A Guide for Creating Temporary Logins on WordPress Website
Once you surmount the beginning of WordPress learning curve like how to make a blog and how to login to the dashboard or how to navigate around, it quickly becomes apparent that the WP back-end gets packed with a lot of menus and options. Consequently, at some point, mainly, if operating with guest authors, many WordPress users come across an essential question i.e. what do you do when you need to give someone access to your dashboard, provided that access is limited regarding how long it lasts?
Many of the users quickly figure out that user roles are the basis of WordPress access, which you can manage from the dashboard. Hence, you can add extra user functions and obtain more control over the specific points of authority, and access by setting and configuring user role plugins.
1. Some of the defaults user’s roles are:
· Administrator: Administrator is the main admin of the website and has the full access to its features and functionalities.
· Editor: Editor can publish, edit, and moderate every post. They are usually the user role that approves content submitted by contributor role.
· Author: Author can publish posts without any need to moderate
· Contributor: he can write posts, but needs to have them reviewed by an editor or an administrator.
· Subscriber: The basic user role, which can comment and manage user profile.
You still have the ability to grant and revoke access to specific users, as well as to manage user roles from the dashboard even without adding functionality through plugins. For instance, the moment you need to give access to a new user or customer, through the user's menu on your dashboard, you can create a new user, set the functionalities of that user’s access by assigning the right role, and then delete the user.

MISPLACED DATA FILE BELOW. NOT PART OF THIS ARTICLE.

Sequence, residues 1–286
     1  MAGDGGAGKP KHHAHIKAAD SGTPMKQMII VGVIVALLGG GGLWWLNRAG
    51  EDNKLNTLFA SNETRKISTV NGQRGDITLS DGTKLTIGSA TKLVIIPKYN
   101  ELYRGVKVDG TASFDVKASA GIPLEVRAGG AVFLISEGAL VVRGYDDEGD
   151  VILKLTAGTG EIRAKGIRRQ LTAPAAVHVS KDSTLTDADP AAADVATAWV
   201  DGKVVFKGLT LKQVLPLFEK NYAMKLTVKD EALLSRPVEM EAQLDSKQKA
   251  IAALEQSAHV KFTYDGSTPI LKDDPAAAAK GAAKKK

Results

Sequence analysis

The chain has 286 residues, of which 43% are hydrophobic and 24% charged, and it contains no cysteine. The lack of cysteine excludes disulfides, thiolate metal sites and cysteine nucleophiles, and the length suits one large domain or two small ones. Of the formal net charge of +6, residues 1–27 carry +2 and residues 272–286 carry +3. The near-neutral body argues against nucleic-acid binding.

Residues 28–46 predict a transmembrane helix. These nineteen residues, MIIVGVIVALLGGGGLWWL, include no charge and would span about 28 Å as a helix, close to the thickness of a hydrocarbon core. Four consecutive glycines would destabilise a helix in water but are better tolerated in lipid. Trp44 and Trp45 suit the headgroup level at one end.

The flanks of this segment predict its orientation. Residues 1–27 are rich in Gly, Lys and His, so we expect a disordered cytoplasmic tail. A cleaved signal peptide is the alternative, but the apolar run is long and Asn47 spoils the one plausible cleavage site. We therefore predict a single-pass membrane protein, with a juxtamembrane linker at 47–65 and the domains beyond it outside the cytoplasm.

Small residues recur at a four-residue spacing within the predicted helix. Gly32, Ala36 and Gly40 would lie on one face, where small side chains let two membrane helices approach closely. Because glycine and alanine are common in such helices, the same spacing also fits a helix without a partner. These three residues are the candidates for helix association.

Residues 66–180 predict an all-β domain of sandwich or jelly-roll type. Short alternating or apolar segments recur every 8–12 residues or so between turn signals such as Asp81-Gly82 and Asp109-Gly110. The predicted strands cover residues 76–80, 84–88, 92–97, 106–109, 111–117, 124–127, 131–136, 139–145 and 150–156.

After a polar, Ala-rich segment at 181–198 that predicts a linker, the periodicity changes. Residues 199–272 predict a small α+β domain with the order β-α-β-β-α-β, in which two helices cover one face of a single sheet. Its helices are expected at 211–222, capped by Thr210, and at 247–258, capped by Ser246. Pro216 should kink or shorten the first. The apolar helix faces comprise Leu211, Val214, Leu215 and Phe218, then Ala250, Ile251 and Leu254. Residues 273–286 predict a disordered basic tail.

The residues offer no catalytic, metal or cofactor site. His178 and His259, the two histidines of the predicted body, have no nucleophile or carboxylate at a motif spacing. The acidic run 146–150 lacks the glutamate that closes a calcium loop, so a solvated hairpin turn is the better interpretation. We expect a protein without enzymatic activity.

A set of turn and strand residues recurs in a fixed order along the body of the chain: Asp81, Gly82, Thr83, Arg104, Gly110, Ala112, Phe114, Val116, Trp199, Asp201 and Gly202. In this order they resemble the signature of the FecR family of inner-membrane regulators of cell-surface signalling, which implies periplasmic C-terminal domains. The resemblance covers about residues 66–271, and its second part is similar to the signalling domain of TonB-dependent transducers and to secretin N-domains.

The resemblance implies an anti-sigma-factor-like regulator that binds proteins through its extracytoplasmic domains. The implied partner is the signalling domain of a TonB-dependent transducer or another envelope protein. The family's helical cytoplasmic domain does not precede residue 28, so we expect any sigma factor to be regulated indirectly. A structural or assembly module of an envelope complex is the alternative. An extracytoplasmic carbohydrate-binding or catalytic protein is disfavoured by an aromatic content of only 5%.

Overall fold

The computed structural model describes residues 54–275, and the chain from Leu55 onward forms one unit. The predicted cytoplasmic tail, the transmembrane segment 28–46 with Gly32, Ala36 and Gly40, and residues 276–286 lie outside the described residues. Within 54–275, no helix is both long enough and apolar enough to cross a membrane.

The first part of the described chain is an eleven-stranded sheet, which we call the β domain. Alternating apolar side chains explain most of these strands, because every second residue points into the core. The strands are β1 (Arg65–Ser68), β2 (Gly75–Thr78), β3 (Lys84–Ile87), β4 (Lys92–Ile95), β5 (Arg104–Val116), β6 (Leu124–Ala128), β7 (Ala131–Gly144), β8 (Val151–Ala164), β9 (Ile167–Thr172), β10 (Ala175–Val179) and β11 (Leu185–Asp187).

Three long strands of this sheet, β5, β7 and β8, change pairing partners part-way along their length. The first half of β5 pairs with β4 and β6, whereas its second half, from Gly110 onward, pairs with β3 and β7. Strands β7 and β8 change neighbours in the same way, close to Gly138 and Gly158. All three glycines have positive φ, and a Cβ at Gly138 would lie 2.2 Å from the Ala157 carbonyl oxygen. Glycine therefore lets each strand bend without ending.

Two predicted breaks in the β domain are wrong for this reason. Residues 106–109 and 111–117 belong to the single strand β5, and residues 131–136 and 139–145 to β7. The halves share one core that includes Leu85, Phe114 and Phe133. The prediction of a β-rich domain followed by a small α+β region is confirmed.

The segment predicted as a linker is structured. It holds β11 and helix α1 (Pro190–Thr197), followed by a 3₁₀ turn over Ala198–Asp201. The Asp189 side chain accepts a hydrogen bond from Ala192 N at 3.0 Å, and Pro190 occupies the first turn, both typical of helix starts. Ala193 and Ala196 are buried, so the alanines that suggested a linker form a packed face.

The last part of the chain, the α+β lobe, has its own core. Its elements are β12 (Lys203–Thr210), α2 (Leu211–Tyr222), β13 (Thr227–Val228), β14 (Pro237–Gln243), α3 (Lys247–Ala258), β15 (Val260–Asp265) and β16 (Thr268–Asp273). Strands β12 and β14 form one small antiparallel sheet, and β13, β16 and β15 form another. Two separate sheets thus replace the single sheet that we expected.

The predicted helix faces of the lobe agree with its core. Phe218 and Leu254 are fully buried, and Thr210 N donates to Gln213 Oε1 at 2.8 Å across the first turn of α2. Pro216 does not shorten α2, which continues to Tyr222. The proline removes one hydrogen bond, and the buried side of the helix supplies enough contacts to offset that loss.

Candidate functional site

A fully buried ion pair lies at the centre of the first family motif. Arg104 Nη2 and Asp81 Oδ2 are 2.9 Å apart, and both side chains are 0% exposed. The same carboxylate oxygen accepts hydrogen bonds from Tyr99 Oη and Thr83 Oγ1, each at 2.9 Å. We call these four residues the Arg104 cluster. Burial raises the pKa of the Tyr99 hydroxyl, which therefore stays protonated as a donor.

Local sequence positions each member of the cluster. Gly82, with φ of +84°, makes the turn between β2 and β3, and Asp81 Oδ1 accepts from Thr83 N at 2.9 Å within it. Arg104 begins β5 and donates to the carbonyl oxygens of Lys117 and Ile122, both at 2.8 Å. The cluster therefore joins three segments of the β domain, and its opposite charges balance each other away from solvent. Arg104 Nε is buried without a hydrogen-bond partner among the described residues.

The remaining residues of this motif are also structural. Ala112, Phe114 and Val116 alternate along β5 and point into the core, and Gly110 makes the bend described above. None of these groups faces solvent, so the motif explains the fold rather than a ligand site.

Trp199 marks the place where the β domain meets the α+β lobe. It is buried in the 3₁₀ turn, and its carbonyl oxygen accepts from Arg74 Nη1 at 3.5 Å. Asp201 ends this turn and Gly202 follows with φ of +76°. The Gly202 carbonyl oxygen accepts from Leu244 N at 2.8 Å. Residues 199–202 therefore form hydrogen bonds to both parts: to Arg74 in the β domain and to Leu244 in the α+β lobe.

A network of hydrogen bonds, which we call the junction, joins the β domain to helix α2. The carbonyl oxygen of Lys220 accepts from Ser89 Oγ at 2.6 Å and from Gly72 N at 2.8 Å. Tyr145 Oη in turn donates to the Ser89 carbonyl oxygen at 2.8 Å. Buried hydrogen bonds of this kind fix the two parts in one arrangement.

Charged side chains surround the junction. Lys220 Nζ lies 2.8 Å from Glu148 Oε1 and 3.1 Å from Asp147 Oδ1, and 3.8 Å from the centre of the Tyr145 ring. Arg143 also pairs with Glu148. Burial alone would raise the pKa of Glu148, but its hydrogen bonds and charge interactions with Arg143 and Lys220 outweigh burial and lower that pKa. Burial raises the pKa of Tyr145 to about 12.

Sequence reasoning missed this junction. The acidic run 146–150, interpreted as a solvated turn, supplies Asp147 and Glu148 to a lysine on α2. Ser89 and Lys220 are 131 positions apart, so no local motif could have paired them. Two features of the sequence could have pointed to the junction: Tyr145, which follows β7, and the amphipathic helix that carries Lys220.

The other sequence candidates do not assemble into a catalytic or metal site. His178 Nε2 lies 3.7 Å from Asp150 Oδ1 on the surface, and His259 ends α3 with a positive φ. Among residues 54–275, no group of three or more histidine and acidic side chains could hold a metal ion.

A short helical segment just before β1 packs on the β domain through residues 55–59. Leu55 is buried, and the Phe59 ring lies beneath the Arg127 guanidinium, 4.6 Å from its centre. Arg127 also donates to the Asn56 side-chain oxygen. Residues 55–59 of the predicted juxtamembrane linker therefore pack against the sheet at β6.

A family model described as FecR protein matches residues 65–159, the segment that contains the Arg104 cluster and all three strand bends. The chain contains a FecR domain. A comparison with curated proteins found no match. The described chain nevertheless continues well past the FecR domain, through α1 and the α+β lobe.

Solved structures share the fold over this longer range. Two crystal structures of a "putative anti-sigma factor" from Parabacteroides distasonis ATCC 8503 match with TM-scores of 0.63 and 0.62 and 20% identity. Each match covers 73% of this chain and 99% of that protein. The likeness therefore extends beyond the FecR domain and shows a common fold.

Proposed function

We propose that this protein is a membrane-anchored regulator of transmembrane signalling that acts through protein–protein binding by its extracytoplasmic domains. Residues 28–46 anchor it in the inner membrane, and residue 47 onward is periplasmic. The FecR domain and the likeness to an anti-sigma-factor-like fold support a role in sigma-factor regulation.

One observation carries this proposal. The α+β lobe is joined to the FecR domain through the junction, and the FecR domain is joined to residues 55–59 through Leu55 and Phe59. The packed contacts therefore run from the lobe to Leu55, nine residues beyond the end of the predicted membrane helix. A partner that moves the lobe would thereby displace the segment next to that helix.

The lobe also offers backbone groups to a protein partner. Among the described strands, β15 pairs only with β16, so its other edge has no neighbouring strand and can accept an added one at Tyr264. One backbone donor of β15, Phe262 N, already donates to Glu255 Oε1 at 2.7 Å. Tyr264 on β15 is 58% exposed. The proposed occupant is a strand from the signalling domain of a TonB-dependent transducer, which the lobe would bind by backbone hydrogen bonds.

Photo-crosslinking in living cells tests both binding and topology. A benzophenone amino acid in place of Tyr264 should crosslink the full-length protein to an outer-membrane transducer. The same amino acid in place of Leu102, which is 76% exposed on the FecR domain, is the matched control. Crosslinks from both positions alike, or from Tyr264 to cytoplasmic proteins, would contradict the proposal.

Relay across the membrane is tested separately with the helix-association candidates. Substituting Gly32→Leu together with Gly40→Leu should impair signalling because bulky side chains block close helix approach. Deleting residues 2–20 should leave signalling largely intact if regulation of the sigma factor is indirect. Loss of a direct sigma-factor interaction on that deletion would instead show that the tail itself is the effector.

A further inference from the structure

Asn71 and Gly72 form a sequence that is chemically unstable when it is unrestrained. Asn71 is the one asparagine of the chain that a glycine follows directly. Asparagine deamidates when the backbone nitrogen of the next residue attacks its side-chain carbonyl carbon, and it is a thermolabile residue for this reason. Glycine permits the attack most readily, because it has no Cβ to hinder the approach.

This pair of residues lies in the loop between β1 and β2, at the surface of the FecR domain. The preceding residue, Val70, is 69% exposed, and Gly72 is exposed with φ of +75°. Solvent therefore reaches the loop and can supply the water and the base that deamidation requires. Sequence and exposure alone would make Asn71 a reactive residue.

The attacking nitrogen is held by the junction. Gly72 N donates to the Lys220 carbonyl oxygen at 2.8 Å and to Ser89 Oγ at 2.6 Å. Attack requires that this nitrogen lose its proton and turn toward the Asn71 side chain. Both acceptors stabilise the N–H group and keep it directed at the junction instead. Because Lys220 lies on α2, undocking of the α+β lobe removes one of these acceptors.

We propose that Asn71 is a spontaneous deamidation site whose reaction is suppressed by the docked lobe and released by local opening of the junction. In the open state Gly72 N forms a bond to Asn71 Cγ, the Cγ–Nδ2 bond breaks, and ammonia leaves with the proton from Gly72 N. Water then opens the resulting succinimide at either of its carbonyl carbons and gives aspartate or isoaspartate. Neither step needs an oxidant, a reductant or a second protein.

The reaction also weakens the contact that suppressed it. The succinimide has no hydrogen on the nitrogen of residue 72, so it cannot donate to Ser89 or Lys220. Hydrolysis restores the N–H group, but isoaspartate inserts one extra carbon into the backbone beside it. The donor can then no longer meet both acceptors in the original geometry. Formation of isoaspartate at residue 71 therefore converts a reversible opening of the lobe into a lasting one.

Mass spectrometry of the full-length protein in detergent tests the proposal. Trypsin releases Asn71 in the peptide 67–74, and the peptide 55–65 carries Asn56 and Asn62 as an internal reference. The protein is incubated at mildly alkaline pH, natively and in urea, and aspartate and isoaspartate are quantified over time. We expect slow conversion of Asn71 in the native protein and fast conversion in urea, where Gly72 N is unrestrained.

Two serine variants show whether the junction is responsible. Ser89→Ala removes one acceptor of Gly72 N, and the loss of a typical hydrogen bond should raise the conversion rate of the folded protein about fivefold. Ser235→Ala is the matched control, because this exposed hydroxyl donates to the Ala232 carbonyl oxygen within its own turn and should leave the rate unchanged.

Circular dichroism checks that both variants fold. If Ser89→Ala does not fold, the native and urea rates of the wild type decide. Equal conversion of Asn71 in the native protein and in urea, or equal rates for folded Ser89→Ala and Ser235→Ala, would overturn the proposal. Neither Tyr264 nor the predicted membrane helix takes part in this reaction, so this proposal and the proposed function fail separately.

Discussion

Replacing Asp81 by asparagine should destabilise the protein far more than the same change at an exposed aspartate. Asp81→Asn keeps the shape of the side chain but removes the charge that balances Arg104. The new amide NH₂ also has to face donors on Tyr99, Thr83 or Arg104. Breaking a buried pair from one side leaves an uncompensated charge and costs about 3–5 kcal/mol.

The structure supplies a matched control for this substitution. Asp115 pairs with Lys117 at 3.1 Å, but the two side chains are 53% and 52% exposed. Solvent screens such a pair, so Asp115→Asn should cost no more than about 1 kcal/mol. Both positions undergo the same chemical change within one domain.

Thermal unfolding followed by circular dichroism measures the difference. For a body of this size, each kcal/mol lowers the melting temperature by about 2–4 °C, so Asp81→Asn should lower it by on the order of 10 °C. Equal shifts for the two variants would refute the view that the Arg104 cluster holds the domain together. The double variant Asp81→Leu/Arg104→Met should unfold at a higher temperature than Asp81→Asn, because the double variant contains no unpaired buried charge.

Preferably, and more effectively, you can design a temporary user account that automatically expires so that you don't have to work on deleting it later. Even better, the access you form for this temporary user isn’t bound to login usernames and passwords. It works off one URL that you create and control. With the help of this post, we’ll assist you in creating temporary user accounts that expire automatically using a particular plugin called Temporary Login Without Password.
2. When you may need temporary access to a website!
While you're wondering, why would you ever need to give someone access to your admin area, we have listed few scenarios that fit right to the creation of temporary logins.
I. Outsourcing of WordPress: Many a time you would want to outsource your WordPress website to freelancers, developers, designers or security technicians to perform basic or advanced tweaks. They'll need the complete access to your website to assure a good job that couldn't get completed when you initially create WordPress blog. You wouldn’t want an administrator-level account dangling out there in the cosmos well past the event that accelerated the requirement. Once the work is complete, you’d most likely prefer accessing your WordPress website to revoke.